NBA basketball is ordinarily a game that ends in June. The playoffs wind down into the Finals, a champion is born, a Finals MVP has his moment on the stage, and basketball disappears from the conscious of all but the most devoted fans until the fall.
This year was very different. Not only was basketball being discussed in early July, it was the hottest topic of conversation in sports, arguably the hottest conversation period.
What made this year so much different is that it was regarded as the most exciting, highly anticipated free agent market in the history of the NBA, possibly of all sports period. LeBron James--the proclaimed "King", the chosen one, the growing shadow waiting to rise up and overpower his once idol Michael Jordan, arguably the best all around talent in the game today--was finally a free agent. And if that wasn't enough of a big deal, he was joined by one of the other top players in the game--Dwayne Wade, and a handful of other top stars including Chris Bosh, Carlos Boozer and Amar'e Stoudemire.
The table was set for the most interesting NBA shake-up ever--think Boston Celtics rising from the bowels of the NBA to become instant champions in 2007/2008, only this time it promised to be more than one team with that type of turnaround. We were on the cusp of an entirely new and exciting power structure, a mysteriious new basketball landscape for the 2010/2011 season. Yes it had all the makings of a truly intense, completely engaging
show-- even for the most casual of NBA fans.
And a show it was. Only no one was clapping at the end. In the most lame and self-serving fashion, LeBron James revealed to the world that he'd be packing his bags for the greener pastures and sunnier shores of Miami. He made this completely unintriguing reveal on an unprecedented, hour-long special dedicated just to his decision.
Now, I won't even get into the whole "Decision" debacle. There's been plenty of criticism for that already and there are just too many parties involved there--LeBron, LeBron's team of advisors, ESPN, douchey, old Jim Gray, etc. to lambast LeBron for that spine-chilling display of awkwardness.
But I will take a poke at the "decision" itself. LeBron took the easiest possible road out and tarnished his legacy forever. If he ever actually earns a legacy worth tarnishing. LeBron chose to go to Miami a day after Dwayne Wade and Chris Bosh announced the same, putting 2 of the top 3 players in the game today on one team, and proving that LeBron just doesn't have the stones to get it done himself.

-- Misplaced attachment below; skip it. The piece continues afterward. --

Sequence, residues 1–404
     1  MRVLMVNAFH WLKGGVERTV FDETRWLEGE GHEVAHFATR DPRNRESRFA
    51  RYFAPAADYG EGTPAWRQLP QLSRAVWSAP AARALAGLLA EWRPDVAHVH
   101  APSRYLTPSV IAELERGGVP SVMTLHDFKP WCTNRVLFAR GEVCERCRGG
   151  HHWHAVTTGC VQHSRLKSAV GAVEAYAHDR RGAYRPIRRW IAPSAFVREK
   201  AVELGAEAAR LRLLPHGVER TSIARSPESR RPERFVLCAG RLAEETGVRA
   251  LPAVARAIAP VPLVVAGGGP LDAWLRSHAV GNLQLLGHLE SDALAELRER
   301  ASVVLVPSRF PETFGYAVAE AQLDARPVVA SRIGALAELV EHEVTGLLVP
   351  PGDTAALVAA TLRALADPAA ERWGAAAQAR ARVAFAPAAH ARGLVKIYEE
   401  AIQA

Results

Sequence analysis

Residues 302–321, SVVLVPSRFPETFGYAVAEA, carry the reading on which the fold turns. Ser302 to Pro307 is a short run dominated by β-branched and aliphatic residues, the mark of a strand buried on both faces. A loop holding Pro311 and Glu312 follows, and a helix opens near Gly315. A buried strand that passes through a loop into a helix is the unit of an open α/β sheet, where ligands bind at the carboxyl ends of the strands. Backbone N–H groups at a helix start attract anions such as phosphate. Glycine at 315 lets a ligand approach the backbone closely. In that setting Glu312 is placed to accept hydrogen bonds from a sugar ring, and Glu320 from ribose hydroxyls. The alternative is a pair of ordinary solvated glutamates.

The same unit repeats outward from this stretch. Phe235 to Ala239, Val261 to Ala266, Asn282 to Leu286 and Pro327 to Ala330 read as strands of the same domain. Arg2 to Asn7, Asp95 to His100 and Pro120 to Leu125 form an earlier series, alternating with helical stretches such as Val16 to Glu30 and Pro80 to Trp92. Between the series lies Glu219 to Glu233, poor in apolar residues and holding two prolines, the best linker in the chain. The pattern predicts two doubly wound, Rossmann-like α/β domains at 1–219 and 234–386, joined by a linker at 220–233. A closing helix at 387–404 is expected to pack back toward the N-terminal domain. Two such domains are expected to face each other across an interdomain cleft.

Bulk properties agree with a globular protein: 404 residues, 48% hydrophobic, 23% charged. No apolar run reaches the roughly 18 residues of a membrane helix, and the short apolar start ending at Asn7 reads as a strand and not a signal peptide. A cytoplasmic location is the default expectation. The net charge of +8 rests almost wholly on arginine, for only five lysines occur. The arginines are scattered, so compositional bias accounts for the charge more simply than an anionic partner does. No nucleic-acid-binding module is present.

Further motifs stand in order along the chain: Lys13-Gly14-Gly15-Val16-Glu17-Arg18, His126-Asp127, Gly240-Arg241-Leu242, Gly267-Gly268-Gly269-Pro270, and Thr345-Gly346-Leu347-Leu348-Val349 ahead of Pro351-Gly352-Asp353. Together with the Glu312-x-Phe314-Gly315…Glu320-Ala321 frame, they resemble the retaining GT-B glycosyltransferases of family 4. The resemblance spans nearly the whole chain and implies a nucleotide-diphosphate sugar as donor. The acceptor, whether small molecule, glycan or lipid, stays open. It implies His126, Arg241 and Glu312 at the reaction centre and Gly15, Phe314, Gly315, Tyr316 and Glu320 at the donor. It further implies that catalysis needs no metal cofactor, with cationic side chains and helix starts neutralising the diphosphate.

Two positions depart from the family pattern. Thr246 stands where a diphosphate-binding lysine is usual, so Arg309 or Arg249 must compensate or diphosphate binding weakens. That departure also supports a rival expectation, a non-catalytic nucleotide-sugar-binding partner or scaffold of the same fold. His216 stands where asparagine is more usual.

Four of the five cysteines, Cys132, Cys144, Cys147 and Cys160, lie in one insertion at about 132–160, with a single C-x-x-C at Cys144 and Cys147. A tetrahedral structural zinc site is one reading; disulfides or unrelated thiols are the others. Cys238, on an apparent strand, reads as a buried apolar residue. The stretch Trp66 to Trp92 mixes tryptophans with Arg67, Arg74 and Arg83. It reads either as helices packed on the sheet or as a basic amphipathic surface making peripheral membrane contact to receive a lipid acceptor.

Any player that can rightfully draw comparison to Michael Jordan, Magic Johnson and other greats, should be able to get it done himself. Yes, I know, other talent is needed and no one actually does it alone, but a player in that upper tier of NBA history LEADS the team. He's the block that management builds around--not the icing on the
cake. He doesn't just throw himself on another superstar's (stars') team and sit back in the victory throne. He puts it on his shoulders and strives for--no, demands victory and championship.
LeBron did none of that, nor has he ever. When he failed to show up in the playoff series against the Boston Celtics, he didn't take responsibility, didn't promise victory. Instead, he blamed the fans for expecting too much of him and whimpered off the scene with no self reflection and no apologies. And after his decision yesterday, one has to believe that instead of reflecting on his failure, LeBron was pondering the easiest way to a championship. That certainly wasn't Cleveland, where he'd been swept out of his only Finals appearance, and spent the past two seasons getting embarrassingly bounced from the second round of the playoffs. No, it would have to be somewhere else.
So while LeBron was shooting bs to the world about how "humbling" the free agent situation was and how Cleveland was his top contender, he was really scheming about how he could take advantage of the situation to not only reap in the most money for himself, but give himself the easiest, cheapest ticket to an NBA ring. Near as I could tell, he schemed this whole thing with Wade and Bosh and let the rest of the NBA and sports world gush about the possibilities while his triumvirate devised their own little team.
And it'll probably pay off. It's hard to think that a team with that ridiculously solid of a core could go anywhere but the Finals.
On the other hand, we all can, will and should hope that they go everywhere but. Frankly, the combination of Wade and James is the most redundant thing since Carmello Anthony and Allen Iverson laced up together for a poor, eight-seed, first-round Denver Nuggets team. What team really needs two guys that drive inside and put up 30 points a night, outside of the overjacked Team USA? Especially when it means the steaming pile of crap that is going to be used to paste together the remainder of the lowly paid Miami roster--something that Team USA doesn't have to deal with.
So there is hope. But one thing's for sure: the intriguing power structure that could have been had LeBron gone anywhere but Miami will never be. It could have been a season overflowing with excitement and intrigue, with the Chicago Bulls, Boston Celtics, Miami Heat, Orlando Magic, and possibly a few surprise teams, making the Eastern Conference as a tight a race as the Western Conference was this past season.
Instead, it's looking like the Miami show. Frankly, I don't know that any of those other teams--or the LA Lakers--can contend with the three-headed beast that Miami is unleashing. But I'll still be hoping hard that it will end up like all LeBron's teams have--with a lot of flash throughout the season, but absolutely no substance in the end. The bright spot for Bron Bron if it goes down how we all hope: this time it won't be him making up excuses in the media. It's not his team to speak for.